Professionally, Harris has taken measures that make him stand out from the crowd. He received his national board certification along with a master's degree in educational leadership. With these accomplishments, he feels that he can better understand the needs of his students. Harris has been very influential in sharing information learned with his colleagues. He is always attending conferences and workshops to gain new ideas to enhance his teaching strategies and techniques.
"Educators should try to develop young people into useful citizens that are responsible, punctual and eager to achieve, and who have a grasp on what the real world has to offer," said Harris. "While sharing new knowledge and information with students is important, we should teach them so that they understand its importance for the future." Many of Harris' students do not come from a farm, so for students to get a grasp of real life situations in his classes, he allows students to assist in operating the department's 60 acre land lab. The enterprise incorporates many breeds of animals along with a meat processing plant and aquaculture area that Harris has assisted in developing.
Students are able to job shadow at various agriculture businesses throughout the community, which gives them a front row view of real-world work experiences. Harris and his students return the favor by through community service activities like the Food for America project and organizing local petting zoos.
"What makes David a great teacher is his love of young people and his passion to see them succeed in and out of the classroom as well as being productive citizens in the community," said Tom Williams, fellow educator. "He truly makes a difference in the lives of all those who cross his path, including my own."
Throughout her fourteen years of teaching at the Killingly Regional Agricultural Education Center, Kegler has lived by the philosophy that if you set high expectations and believe your students will succeed, they will.
"You must deliver your lessons in a manner that you find exciting and your enthusiasm will be contagious," said Kegler. Kegler has continuously worked at improving her animal science curriculum to make it more relevant to her students' lives. She has also developed lessons and curriculums in agribusiness and food science, and is currently working on curriculums that will encourage students to pursue a career in agricultural education. Along with classroom instruction, Kegler is a strong believer in incorporating supervised agricultural experience (SAE) and the FFA into the agriculture program.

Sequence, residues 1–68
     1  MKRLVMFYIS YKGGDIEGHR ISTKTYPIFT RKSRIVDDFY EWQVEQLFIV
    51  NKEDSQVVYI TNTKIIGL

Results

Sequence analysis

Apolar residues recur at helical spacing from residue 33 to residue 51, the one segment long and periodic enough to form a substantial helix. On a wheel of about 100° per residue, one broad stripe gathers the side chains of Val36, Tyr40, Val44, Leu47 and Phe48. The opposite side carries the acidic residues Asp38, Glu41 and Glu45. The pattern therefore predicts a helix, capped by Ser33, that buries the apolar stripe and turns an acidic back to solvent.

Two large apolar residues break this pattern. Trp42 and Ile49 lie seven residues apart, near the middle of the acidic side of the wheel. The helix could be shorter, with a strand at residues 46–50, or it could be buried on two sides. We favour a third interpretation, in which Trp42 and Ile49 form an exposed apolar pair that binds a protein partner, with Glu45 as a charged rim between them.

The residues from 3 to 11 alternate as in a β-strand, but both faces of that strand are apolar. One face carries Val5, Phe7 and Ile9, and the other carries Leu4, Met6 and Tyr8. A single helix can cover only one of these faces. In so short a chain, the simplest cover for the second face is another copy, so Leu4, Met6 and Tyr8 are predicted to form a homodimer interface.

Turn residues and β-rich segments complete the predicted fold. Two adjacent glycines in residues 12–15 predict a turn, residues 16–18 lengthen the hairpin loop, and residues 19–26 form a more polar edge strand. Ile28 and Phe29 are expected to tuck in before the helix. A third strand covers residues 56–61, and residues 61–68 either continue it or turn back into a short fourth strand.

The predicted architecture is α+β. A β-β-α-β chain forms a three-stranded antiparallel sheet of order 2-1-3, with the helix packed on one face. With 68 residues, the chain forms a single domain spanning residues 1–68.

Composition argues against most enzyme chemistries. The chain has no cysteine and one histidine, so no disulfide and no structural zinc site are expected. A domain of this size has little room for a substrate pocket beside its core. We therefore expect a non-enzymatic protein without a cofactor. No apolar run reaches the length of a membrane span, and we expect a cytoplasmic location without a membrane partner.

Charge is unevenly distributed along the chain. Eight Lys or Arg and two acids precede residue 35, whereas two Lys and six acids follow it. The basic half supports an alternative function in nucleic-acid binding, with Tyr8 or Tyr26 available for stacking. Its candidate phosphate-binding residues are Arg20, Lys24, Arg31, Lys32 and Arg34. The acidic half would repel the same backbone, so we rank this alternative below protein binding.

At the end of their freshman year, students must have a SAE plan ready for teachers to assist with establishing goals and setting up record books. The students' SAEs are graded each quarter according to a rubric to ensure that the students continue to learn outside of the classroom. Kegler has maintained student involvement over the years, with 100% of her students receiving their greenhand and chapter FFA degrees. She has been successful at training career development event teams, with fifteen winning state championships since 2000. The FFA chapter volunteers at local a cat rescue center, gives to the needy and hosts an annual animal barnyard event.
During their junior/senior year, Kegler requires her students to job shadow for at least six hours in order to help them gain an idea of what they want to do after graduation.
Kegler has held office and served on committees in the Connecticut Association of Agricultural Educators and has assisted in organizing state career development events.
"Bonnie Kegler is truly something special to her students and to our agricultural education department here at Killingly High School," said Kenneth Couture, Kegler's co-teacher. "Her energy is amazing, and she is never satisfied to rest on her laurels. She is innovative in the classroom and an enthusiastic team player."